Wargame Thoughts and Commentary

The Development of Wargames and DF II!

La Guerre
My first rule set “La Guerre” circa 1972

I saw a recent thread on TMP about how often people want a new edition of the game. One of the largest groups of gamers stated, “Never.” They wanted the game to never change, require no future development, and to,” Just make it perfect from the beginning.”

I laughed a bit on reading that, as nothing could be farther from my own feelings on the subject. To be sure you wanted a good initial product, one that provided some fresh ideas, and with a little effort from the gamer produce a fun game, but then I thought back on my own experiences.

When I design games, I am looking for fresh ways to get at various historical issues on the table top that offer original and different approaches to history and game play. I want gamers to experience something new; something challenging; and something that is not just warmed over left-overs from past game designers and rules.

So many new sets of historical miniature rules are very, very derivative, and seem almost fossilized remnants of games from years ago. If that is what a designer wants to do, and if that’s what you as a gamer want-then, yes, you should expect a nearly perfect and unchanging set, because, in a sense, they have been written and rewritten many times before.

I must admit if I see a new set of rules and , upon glancing into them, I see a fixed turn sequence, roll a six hits, saving throws, fixed move distances, troop point values, and pages of army lists-I put them down and move on. Nothing new here! They may be perfectly good rules, and enjoyed by some gamers, they just aren’t going to provide me with anything novel or surprising. I can assume that, within their well-established patterns, they will play reasonably well, but will they lead to many new ideas? Doubtful.

The many faces of Piquet. Over 20 variants, spin-offs, and descendants

All of the rules I have written in the last 20 years have had a rather different development from that. In the case of Piquet, I brought the rules out after about three years of play and testing. In their use of a variable card sequencing deck, sliding polyhedral dice (d8-D10-D-4 etc.) and the constant threat of unequal opportunity for each gamer they ere very different. So different I created a video to actually demonstrate a turn. (that didn’t prevent one player from using all the cards in one deck!!!) It raised some very strong objections to the design, and some equally strong proponents.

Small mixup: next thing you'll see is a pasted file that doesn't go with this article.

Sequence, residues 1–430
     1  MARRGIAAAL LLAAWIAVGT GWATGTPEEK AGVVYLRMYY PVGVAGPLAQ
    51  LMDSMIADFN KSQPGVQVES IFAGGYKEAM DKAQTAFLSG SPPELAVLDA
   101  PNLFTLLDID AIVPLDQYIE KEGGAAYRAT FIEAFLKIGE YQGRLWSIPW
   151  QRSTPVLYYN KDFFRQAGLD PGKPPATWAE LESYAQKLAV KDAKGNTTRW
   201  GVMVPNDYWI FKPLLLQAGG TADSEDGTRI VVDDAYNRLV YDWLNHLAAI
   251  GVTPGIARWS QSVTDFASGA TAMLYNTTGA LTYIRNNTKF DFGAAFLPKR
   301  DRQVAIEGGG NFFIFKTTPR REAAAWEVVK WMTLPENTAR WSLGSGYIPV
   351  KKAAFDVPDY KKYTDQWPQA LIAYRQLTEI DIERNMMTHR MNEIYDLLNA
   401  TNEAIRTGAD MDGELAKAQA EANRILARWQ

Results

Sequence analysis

Moreover, it wasn’t even hot off the press before my group and many customer’s groups began to play with changing some of the rules. I encouraged this and even described the rules as a toolbox to be tinkered with and adapted to one’s own tastes and preferences.

Piquet begged to be tinkered with and embraced attempts to experiment with unusual cards, new initiative dice roll systems, and all sorts of modified ways to use the combat dice. It was this environment that lead to Piquet II a mere three years after the original publication. I sold Piquet to Brent Oman in 2000, but the experimentation and tinkering continued among a growing group of gamers, and eventually Brent’s original take in FOB and FOBII grew out of those experiments and further development. In a sense the lineage of Piquet and its development led to at least four permutations and constant growth over 20 years.

Rondel and Rules
Zouave I and II 2010 and 2011

Zouave was my first attempt after returning from a hiatus from gaming, and there too, I tried to create an original way to get at grand tactical level miniature wargaming. In that design I deliberately tried to create a large scale game for the period 1861-1871 that handled operational and divisional gaming without losing the tactical elements. It was developed over a two year period and released in 2010. But here again, the game was not a frozen formula that was forever trapped in its initial form. Within a year I had run across Rondels which quite elegantly replaced a system of coins used in Zouave to track order states. One use of the rondel resulted in such a better design that I immediately brought out Zouave II in mid- 2011. I simply could not let a superior system not become the standard for the game.

Now, I bought back all unsold Zouave from my distributors at some noticeable loss to me, and offered the previous Zouave purchasers a discount on the new edition. Those that had the initial edition still possessed a good ruleset that we had played for nearly three years prior to the Rondel change. This was an extreme case of rapid development to a second edition but I never regretted it.

DF Book
Die Fighting 2011